coastal birdwatching trail
Donna Nook National Nature Reserve Birdwatching
Coastline between Grainthorpe Haven in the north and Saltfleet
Well-known as a breeding colony for grey seals, Donna Nook is also a great birdwatching site with over 250 species recorded on the reserve and surrounding farmland. Habitats include sea, intertidal mudflats/ sandflats, saltmarsh, sand dunes, dune scrub, dune slacks and saline lagoons.
Managed by the Lincolnshire Wildlife Trust in agreement with the Ministry of Defence. This site is an active air weapons range and visitors should note that access is restricted. There is no access to the beach frontage and beyond when the red flags are flying. Please refer to on site signage.
Lincolnshire Wildlife Trust
dog access & seasonal information
Due to the breeding grey seal colony access restrictions apply from late October until the end of December. Please adhere to signage and guidance from patrolling wardens.
Dogs are not permitted in the seal viewing area from late October until the end of December.
The reserve and Stonebridge car park are open all year.
Access is restricted to north of the car park and a 600m seal viewing area.
During busy weekends Stonebridge car park is prioritised for blue badge holders.
Easy access Stonebridge car park has limited spaces.
entry & prices
A main car park (privately owned) operates October to December.
Charges apply at the privately-owned car park.
Lincolnshire Wildlife Trust
The trust is an incredible local wildlife conservation charity looking after nearly 100 nature reserves and helping to give wildlife a voice, and inspiring people of all ages to take action for wildlife.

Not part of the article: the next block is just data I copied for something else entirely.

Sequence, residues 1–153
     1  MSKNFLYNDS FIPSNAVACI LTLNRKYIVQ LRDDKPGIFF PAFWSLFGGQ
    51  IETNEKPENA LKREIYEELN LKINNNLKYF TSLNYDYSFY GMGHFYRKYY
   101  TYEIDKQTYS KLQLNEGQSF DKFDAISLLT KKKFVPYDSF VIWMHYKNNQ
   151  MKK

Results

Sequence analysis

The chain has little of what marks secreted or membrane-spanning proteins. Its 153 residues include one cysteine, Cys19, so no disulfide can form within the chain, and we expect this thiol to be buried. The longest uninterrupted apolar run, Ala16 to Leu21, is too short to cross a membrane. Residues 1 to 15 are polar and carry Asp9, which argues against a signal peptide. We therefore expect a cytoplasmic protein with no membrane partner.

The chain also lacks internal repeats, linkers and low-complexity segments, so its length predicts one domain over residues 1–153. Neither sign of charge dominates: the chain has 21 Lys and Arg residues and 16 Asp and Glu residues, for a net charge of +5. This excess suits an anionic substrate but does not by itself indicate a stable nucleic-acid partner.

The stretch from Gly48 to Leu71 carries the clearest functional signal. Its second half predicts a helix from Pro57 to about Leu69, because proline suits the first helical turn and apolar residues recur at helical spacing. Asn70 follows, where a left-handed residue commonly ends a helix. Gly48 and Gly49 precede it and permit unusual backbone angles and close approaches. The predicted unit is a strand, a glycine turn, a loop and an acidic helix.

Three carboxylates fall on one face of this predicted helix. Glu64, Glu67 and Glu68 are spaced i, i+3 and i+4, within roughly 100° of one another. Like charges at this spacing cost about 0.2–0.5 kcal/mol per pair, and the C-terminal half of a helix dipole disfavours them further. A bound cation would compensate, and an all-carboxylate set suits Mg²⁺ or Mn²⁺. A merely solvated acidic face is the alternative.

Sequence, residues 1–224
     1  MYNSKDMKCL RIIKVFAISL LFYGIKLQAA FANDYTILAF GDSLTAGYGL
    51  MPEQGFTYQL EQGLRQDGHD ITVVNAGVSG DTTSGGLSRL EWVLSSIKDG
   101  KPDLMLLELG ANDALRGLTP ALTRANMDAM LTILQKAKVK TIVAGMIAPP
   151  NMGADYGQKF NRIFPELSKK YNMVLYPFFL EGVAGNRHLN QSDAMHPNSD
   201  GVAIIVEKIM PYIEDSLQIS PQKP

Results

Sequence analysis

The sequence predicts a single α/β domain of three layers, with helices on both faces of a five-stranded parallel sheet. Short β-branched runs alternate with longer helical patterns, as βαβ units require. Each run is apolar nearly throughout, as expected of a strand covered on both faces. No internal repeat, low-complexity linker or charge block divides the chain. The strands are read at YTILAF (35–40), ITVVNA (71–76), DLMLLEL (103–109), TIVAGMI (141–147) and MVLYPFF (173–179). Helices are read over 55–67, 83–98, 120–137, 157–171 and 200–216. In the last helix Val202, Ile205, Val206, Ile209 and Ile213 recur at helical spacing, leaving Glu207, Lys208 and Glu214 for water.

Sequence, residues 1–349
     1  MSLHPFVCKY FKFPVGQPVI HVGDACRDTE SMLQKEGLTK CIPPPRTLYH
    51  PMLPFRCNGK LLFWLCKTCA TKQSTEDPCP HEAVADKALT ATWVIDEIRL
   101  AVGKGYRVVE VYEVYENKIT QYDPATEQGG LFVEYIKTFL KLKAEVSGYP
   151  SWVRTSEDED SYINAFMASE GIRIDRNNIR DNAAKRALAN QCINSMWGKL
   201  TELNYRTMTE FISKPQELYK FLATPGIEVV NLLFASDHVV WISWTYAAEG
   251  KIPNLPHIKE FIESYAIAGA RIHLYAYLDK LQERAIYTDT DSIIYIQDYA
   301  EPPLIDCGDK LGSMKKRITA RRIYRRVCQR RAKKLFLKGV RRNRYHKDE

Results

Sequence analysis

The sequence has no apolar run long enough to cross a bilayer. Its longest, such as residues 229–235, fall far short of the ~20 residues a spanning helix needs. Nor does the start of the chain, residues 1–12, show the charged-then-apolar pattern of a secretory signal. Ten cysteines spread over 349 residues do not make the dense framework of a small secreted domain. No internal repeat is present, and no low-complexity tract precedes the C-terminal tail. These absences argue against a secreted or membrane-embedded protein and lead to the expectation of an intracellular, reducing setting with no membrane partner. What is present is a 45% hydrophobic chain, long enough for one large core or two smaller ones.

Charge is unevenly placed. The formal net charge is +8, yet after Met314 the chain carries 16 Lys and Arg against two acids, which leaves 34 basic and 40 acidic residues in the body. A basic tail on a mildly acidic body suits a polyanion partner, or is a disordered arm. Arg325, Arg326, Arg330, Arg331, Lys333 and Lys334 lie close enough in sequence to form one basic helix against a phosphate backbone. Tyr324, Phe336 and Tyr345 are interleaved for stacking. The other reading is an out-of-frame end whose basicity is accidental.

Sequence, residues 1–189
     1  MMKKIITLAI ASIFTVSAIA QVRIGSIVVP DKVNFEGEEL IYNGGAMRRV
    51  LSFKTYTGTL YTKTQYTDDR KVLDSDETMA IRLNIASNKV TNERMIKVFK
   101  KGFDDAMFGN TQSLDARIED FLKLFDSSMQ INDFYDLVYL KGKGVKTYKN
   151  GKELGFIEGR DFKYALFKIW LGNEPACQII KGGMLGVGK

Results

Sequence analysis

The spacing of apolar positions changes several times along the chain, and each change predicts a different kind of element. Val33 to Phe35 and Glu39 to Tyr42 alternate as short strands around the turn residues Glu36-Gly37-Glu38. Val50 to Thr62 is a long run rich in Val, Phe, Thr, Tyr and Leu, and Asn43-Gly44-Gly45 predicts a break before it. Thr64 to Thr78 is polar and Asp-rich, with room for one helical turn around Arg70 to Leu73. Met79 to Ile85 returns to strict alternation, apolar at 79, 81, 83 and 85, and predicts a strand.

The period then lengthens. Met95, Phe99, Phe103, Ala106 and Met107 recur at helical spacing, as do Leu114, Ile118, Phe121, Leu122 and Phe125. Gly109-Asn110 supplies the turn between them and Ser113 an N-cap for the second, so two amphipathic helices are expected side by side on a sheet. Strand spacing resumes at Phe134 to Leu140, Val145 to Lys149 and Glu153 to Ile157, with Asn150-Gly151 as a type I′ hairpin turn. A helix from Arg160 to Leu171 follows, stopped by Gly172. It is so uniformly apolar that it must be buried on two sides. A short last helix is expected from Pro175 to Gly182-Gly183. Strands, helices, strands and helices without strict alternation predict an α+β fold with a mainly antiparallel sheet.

find out more about Donna Nook
what species and habitats can you find?
The dune scrub includes sea buckthorn, elder and hawthorn providing excellent foraging, shelter and nesting areas for resident and migrant birds.
North from Stonebridge car park is Pyes Hall, a managed realignment area attracting waders and wildfowl throughout the year.
Sea watching with a scope is worthwhile for passing terns, skuas, auks, divers and sea duck.
From October to January, when the reserve is home to a breeding colony of grey seals, a wide variety of passerines (perching or songbirds), waders and wildfowl can be seen feeding out on the saltmarsh between the seals.
Brent goose, shelduck, knot, lapwing, twite, snow bunting, Lapland bunting, stonechat, short-eared owl, hen harrier, peregrine, redwing, fieldfare, rock pipit.
Skylark, meadow pipit, ring ouzel, wheatear, whinchat, hirundines (swallows and house martin), goldfinch, linnet, marsh harrier, merlin.
Avocet, little egret, cuckoo, grasshopper warbler, common whitethroat, willow warbler, sedge warbler, yellowhammer, hobby.
Pink-footed goose, whooper swan, redshank, curlew, oyster catcher, black-tailed godwit, greenshank, golden plover, starling, goldcrest, rare migrants.
plan your visit to donna nook
useful hints and tips
Pyes Hall is a great place to see waders and wildfowl at closer quarters. Bird numbers increase on higher tides.
Winter high tides deposit seeds from the saltmarsh closer to the sand dunes, providing good opportunities to view feeding passerines.
Setting up a scope along the viewing area gives you great views beyond the saltmarsh out towards the Humber with Spurn Point in the distance.
Listen out for the distinctive call of a kingfisher fishing on saltmarsh creeks.
A wildlife sightings board is updated daily during seal season.
The nearest public toilets are in North Somercotes opposite the Bay Horse Inn.